But if I had to try to answer the question, I would point to the fact that I've enjoyed working since I was small. No matter the job, I've been able to find something enjoyable in it, and I also enjoy making an effort to do a good job. Of course, looking back now, I can see that my years as an apprentice were almost too tough to imagine, but even as a child I understood that that was the way things were. From early morning until late at night, cleaning up the shop, babysitting, and helping around the shop were something I found quite enjoyable. And even now, I'm still grateful for the way that strict discipline and work-filled days from morning to night gave me a serious attitude toward labor, and taught me the joy of working.

Konosuke Matsushita, Youth without Regrets (Japanese only), Kyoto Music and Culture Association

Konosuke speaks

Making his first profit

Konosuke speaks

While waiting for their bicycle to be repaired, customers often said to me, "Listen son, could you go buy me some cigarettes?"
I would run to the tobacco shop, which was about 110 meters away. Every time I went, I had to wash my hands first. This took time and was inefficient, so one day I bought one case containing 20 packs with my own money. In those days, they would give you an extra pack of cigarettes free of charge if you bought 20.
I didn't know this at first. I hadn't intended to make a profit, but buying 20 packs all at once was easier, so I kept them ready for customers.
"Buy me some cigarettes."
"Yes sir," I would say, and hand them a pack right there. This went on for about six months.
Every month I sold two or three cases. Shikishima cigarettes were ten sen, and Asahi cigarettes were 8 sen, so I made a profit of 20 or 30 sen a month.
Then one day my master said to me, "You keep cigarettes on hand to sell to the customers. You'd better stop. The customers are pleased and it's easier for you, but the other shop boys are complaining. Customers are important, of course, but I can't have the mood in the shop spoiled."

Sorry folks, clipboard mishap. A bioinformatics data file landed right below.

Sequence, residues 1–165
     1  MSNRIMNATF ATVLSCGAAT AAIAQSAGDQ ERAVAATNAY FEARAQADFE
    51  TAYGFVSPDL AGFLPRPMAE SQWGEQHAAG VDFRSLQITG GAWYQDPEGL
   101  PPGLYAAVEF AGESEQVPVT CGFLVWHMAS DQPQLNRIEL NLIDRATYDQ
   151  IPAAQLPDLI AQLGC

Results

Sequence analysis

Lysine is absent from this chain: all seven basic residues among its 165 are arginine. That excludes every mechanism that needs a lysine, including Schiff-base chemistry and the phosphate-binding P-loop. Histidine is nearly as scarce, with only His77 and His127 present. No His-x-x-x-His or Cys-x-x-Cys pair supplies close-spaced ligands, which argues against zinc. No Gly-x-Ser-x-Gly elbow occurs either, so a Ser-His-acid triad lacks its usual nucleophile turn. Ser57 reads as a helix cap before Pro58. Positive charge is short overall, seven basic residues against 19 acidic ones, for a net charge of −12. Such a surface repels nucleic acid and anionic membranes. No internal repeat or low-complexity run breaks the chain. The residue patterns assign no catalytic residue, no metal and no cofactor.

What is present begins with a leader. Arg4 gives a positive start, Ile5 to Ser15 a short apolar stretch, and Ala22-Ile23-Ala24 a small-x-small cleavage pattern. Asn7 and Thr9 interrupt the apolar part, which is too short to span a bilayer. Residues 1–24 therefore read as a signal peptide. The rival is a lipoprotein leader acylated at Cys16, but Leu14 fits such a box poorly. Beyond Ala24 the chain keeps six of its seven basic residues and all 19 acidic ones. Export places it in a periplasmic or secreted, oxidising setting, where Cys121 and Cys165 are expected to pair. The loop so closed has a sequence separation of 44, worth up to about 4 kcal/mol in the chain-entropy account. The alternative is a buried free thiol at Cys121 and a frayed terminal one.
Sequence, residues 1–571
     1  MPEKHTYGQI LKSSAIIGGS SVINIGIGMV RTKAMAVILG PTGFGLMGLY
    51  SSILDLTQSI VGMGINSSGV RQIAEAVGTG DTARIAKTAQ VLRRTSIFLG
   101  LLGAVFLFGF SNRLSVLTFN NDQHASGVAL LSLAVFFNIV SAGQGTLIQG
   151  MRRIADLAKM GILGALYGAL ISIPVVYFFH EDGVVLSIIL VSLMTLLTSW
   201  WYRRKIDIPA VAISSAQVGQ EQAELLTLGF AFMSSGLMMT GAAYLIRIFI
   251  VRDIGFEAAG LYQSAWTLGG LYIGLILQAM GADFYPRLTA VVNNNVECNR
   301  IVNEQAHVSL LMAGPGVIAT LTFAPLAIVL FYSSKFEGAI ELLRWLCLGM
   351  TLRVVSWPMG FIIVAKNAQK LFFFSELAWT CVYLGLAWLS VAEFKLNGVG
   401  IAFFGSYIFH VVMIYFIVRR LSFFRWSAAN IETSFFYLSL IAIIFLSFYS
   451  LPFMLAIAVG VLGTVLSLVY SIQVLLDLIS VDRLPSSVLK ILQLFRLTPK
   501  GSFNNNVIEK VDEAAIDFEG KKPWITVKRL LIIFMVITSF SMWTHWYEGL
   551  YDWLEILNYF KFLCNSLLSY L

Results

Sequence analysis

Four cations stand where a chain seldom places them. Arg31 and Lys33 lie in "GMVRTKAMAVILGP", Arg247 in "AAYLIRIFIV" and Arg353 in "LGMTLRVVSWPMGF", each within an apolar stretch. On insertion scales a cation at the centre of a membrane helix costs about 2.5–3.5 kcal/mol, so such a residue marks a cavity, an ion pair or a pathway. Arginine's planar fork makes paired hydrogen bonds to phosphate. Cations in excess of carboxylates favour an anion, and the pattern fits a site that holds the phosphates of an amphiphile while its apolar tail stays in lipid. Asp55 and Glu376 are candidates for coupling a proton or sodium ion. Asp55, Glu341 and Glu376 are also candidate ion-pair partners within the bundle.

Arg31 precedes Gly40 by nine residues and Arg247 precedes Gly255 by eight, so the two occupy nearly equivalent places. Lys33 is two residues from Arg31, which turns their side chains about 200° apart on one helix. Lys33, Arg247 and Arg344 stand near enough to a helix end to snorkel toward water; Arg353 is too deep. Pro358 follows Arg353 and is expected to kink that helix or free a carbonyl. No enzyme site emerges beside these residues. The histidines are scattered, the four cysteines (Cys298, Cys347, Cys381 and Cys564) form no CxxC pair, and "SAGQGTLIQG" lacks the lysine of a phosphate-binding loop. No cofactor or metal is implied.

That is when I realized that human relations are complicated. When I think about it now, I should've used some of the money I was making from cigarettes and treated the others to something. Sharing the profits, so to speak, like a dividend.
When you receive help from those around you, and you're able to make profits, you need to share those profits. But at the time this was something I didn't realize.

Konosuke Matsushita, The Path toward the Future (Japanese only), The Mainichi Newspapers

Happy customers, and profit for oneself. At first glance this seems a wonderful outcome, but there are many others one must also take into consideration, such as one's colleagues and master. From his day to day experience, Konosuke was already learning how important it is to consider those around you, how difficult that can be, and how important it is to grasp the feelings of others accurately.

Change from the bottom up

Konosuke speaks

When I was an apprentice, there were six or seven others in the shop. I was at the bottom of the pecking order. One of the older boys stole some articles from the shop and sold them privately. When this was discovered, Mr. Godai let him off with just a lecture. This was the first time such a thing had happened, and the boy was quite useful around the shop.
When I heard of this, I went to the master and said, "I'm very sorry to hear of your decision. I don't want to work with someone dishonest like that. If you allow him to continue working here, I must immediately ask you to let me go." This put the master in a quandary; he could hardly fire me when I had done nothing wrong and he ultimately responded by dismissing the offending apprentice.
Thinking back on it now, perhaps it was not my place to go against Mr. Godai's merciful instincts. But I was guileless and pure-minded, and it was a simple matter of principle that made me oppose his decision.
As it happened, afterward the mood in the shop became much better. I and the other apprentices worked with a new sense of purpose and commitment. So although this was not my deliberate aim, at the age of 14 or 15 and as the junior apprentice in the shop, I had engineered a major change.